1. Limited time only! Sign up for a free 30min personal tutor trial with Chegg Tutors
    Dismiss Notice
Dismiss Notice
Join Physics Forums Today!
The friendliest, high quality science and math community on the planet! Everyone who loves science is here!

Homework Help: Convergence or divergence of log series

  1. Jul 11, 2007 #1
    1. The problem statement, all variables and given/known data

    I'm supposed to evaluate the following series or show if it diverges:

    SUM (sigma) log [(x+1)/x]

    2. Relevant equations

    Drawing a blank...:confused:

    3. The attempt at a solution

    I'm unsure how to start this. We've gone over all sorts of tests for convergence (ratio, comparison, p-series, etc), but I'm not sure what to do with the log function. A push in the right direction would be appreciated!

  2. jcsd
  3. Jul 11, 2007 #2


    User Avatar
    Science Advisor
    Homework Helper

    What are you summing over (I assume x, though x usually denotes a continuous variables, and indices like k or n are commonly used for discrete summation) and what are your bounds (if x = 0 is included in the summation you immediately see that it diverges, but if [itex]x \ge 1[/itex] this is not immediately obvious).
    In other words, please be a little more specific.
  4. Jul 11, 2007 #3
    I recalled this incorrectly, it's log[(n+1)/n] and no bounds were given, though I would assume it's 1 to infinity as zero would diverge.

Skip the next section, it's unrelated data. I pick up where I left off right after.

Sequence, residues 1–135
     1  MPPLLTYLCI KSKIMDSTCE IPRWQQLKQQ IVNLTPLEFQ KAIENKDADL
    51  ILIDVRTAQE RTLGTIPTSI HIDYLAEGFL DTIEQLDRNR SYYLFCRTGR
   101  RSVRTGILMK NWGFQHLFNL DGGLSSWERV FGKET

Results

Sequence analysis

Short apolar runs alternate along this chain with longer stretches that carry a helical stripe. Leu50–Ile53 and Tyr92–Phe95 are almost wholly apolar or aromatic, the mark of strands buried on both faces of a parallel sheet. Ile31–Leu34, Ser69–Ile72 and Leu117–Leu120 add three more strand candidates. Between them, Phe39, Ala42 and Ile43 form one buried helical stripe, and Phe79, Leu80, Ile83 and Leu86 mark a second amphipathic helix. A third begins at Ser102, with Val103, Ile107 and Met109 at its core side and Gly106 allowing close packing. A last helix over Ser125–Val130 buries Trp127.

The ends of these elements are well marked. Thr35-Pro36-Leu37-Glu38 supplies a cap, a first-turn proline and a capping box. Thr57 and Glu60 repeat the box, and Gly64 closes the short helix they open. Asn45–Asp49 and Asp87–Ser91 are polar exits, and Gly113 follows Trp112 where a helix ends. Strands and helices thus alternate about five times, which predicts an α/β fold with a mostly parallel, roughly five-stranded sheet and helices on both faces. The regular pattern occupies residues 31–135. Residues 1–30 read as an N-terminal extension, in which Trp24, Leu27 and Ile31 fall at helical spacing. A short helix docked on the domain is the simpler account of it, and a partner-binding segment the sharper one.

5. Jul 11, 2007 #4
    ok n=1, n->infinity, before you think about the log, what happens to the (n+1)/n ? figure that out first then you can figure out if the log of that converges/diferges
  6. Jul 11, 2007 #5
    as n goes to infinity, (n+1)n will converge to 1, right? and log (1) is zero.
  7. Jul 11, 2007 #6
    Right, but that just tells you the series CAN converge, for this problem I'm thinking L'Hospital's rule due to the log.
    A nice series to compare with is the Harmonic Series, 1/x, since (n+1)/n = 1 +1/n.

    Edit: sry comparing with 1/x doesn't work >< Just woke up and automatically did L'Hospital's rule without checking if the comparison gave an indeterminate form.

    EditEdit: ok it does work >.> it gives you 0/0 lol
    Last edited: Jul 11, 2007
  8. Jul 11, 2007 #7


    User Avatar
    Science Advisor
    Homework Helper
    Gold Member

    I suggest obtaining a lower bound on log [(x+1)/x] = log [1+1/x] by use of a Taylor expansion, and then comparing the sum of logs with the sum of that lower bound.
  9. Jul 11, 2007 #8


    User Avatar
    Science Advisor
    Homework Helper

    It's pretty easy to find a closed form for the partial sum.

    Big stinking giveaway hint:
    [tex]\log \frac{a}{b}=\log{a}-\log{b}[/tex]
Share this great discussion with others via Reddit, Google+, Twitter, or Facebook